I could see her out of the corner of my eye as I sat at the bamboo bus shelter with my cousins. An old woman peering at me from the window of her adjacent home. Normally I would've been all like, "What you lookin' at, Gladis?" but I was used to the staring by now.
Foreigners quickly get used to being gawked at in the Philippines, especially in this small beach-side town my cousins had taken me on a day trip. I don't know why I noticed this old woman in particular, but I did the usual and I pretended I didn't see. That's what I tend to do nowadays. Three schoolgirls staring wide-eyed at me as I cross the street? Didn't see. Two male grocery store workers pausing conversation and pointing at me as I walk past? Didn't see. Everyone on the jeepney quietly turning and watching me as I climb aboard? Didn't see.
Because if I acknowledge that they are staring, I might have to think about why, and that is something my insane imagination is way too active for. Maybe it's not just because I'm foreign. Maybe they think I'm a big fat white whale. Maybe I stepped in toilet paper. Maybe my dress is tucked into my undies. Maybe a cauliflower is spontaneously growing out of my ear. Maybe my back is covered in an infectious-looking pus.
So I ignored the old woman staring at me from her window, and focused on my cousin's conversation with two other women at the bus stop. I'd fooled myself into thinking that if I tried to follow Cebuano in this way, I might learn it - like people who think watching Telemadrid helps them learn Spanish. I mean, you don't just listen to things, not knowing what the hell is going on, and then suddenly become fluent. Unless you have magic leaf powers like Disney's Pocahontas or something.
Anyway, just like that adorable cat who comes closer without moving video on YouTube, the old lady crept towards me even while I ignored her. I'd blink and she would be standing in the door frame, staring. Blink, and she'd be sitting on her porch chair, staring. Blink, and she'd be on the gravel outside her house, staring. Before I knew it, she was standing right behind me, leaning on the bamboo railing. Staring. It would've been scary if it wasn't for her Starbucks t-shirt.
I felt a hand stroking my back, and thought, "Well, I guess I better stop ignoring her in case this escalates and we throwdown right here at the bus stop." I turned around and she was rubbing the back of my tank top, asking me something I had no chance of understanding. Meanwhile my cousin had sidled over, smiling, and answered the woman on my behalf. My imagination blearily woke up, and started stirring.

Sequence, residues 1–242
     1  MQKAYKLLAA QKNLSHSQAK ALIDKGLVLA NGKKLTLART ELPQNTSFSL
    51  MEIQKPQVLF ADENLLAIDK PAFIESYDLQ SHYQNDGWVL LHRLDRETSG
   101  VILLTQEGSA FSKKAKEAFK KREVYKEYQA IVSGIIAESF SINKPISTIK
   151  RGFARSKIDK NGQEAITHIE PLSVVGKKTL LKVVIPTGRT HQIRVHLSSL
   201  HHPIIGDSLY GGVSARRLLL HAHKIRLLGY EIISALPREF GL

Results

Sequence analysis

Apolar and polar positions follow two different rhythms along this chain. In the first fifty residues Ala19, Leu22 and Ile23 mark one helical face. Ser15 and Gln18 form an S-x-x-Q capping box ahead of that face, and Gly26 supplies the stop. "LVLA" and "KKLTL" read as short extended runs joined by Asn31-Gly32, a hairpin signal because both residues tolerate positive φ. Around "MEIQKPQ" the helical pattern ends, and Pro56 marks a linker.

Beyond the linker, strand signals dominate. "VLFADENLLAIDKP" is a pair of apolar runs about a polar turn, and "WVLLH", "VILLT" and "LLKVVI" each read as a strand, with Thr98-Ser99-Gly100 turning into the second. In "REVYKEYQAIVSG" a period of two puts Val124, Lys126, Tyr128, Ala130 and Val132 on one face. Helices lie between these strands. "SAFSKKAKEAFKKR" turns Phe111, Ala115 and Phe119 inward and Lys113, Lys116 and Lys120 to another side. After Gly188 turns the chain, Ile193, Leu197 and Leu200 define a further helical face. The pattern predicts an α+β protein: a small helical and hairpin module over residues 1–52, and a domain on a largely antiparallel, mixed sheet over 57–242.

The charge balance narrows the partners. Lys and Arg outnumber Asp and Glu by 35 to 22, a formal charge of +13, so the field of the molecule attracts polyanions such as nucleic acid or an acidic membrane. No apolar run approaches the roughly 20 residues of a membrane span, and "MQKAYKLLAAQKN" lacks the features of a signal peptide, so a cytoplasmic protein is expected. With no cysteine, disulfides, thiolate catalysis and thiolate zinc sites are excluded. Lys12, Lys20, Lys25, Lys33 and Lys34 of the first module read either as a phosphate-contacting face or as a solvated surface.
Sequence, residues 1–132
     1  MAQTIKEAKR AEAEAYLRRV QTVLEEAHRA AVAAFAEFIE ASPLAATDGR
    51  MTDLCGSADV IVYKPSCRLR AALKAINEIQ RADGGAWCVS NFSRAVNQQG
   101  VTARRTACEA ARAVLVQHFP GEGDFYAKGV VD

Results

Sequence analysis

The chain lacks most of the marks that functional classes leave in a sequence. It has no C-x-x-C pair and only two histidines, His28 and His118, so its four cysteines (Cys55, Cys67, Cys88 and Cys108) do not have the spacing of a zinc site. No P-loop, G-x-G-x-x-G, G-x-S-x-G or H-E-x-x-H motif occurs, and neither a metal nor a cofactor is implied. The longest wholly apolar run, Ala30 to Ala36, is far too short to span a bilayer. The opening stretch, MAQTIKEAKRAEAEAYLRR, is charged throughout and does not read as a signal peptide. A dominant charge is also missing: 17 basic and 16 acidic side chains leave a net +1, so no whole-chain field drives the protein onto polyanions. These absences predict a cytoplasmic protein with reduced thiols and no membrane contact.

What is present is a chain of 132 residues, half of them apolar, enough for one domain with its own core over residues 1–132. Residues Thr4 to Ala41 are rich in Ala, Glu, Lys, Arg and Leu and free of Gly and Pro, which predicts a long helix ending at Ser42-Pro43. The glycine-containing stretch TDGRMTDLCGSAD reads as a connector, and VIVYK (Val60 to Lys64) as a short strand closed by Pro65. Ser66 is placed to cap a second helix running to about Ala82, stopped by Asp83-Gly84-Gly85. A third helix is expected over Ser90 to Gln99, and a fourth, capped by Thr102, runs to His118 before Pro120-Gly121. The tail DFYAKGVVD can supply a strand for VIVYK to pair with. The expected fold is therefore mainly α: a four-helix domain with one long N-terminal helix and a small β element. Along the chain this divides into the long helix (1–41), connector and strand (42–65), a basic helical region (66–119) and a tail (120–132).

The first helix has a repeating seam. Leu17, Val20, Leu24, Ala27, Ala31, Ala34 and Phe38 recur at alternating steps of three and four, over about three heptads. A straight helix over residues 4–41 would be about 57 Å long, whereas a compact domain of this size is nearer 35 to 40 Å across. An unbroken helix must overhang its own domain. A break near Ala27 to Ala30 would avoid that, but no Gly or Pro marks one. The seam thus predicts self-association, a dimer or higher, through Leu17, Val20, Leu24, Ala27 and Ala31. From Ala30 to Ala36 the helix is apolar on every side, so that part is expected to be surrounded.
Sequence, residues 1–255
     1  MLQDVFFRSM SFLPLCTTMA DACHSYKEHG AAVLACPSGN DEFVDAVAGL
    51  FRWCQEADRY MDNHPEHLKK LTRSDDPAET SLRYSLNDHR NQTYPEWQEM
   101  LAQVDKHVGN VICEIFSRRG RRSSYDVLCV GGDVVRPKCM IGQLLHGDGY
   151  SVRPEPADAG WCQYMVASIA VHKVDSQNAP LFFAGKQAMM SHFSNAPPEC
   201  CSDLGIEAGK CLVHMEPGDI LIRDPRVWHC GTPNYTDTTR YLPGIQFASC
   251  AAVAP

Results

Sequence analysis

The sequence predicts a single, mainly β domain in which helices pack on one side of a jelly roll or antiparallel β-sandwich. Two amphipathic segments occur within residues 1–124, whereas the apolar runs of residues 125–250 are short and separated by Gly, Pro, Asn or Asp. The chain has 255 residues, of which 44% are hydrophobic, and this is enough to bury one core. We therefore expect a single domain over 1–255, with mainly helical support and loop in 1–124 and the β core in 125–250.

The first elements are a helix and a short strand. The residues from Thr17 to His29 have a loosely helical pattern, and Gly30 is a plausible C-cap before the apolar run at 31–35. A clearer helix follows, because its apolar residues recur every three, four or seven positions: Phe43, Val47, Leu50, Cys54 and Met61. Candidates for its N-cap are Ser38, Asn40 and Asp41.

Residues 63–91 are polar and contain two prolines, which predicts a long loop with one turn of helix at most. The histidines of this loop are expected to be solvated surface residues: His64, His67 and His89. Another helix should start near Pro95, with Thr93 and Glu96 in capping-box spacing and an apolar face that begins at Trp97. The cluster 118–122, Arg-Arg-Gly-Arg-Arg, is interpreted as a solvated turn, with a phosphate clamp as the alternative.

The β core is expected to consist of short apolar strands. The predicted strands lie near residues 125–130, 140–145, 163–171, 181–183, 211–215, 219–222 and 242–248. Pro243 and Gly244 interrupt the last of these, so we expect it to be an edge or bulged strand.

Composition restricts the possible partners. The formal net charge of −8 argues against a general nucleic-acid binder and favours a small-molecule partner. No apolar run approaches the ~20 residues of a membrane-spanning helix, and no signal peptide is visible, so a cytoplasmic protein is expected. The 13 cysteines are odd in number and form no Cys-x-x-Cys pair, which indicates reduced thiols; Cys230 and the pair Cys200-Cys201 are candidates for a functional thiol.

"Yo, who's this white girl with the shiny top? I had to touch it, it was so weird-looking."
"This is my cousin from Australia."
"How old is she? She looks about 12."
"She's 27. She's having some sort of late-twenties crisis and decided to travel here alone to learn more about her heritage and, I don't know, find herself or some crap."
"That seems like a silly thing to do. Does she realise everyone here, from street kids to hardened criminals, will eat her for breakfast?"
"We've tried explaining that to her multiple times. She may also be a little addled."
"Her hair is not meant for this humidity, is it?"
My cousin noticed my alarmed look, and switched to English. "You see how she's touching you? She wants you touch her also," she explained, picking up my hand and stroking it down the old woman's arm. It seemed weird but it was better than a bus stop throwdown. I smiled and surreptitiously smoothed my hair with my other hand as the old lady backed away.
It wasn't until a few days later that my cousin explained that was really about.
"It's an old folktale," she began. "I don't really believe it. But the people in the mountains believe that when an old woman touches you, she is casting a spell on you. The only way to deflect the bad magic is by touching her back, so I made you do it. Just in case."
"Why would she want to cast a spell on me?" I asked. "That's not very nice." Extremely rude, one might say.
My cousin grinned. "Because she thinks you're beautiful. She wants to absorb it for herself."
So now I think that everybody is staring at me because they want to cast a spell on me, and cook me for breakfast to absorb my powers. Now I think they're staring because they want my frizzy brown hair or my skin or my shoes, and they're muttering curses or making stabbing motions behind my back.
Well, I guess it isn't as bad as the pus-covered back scenario.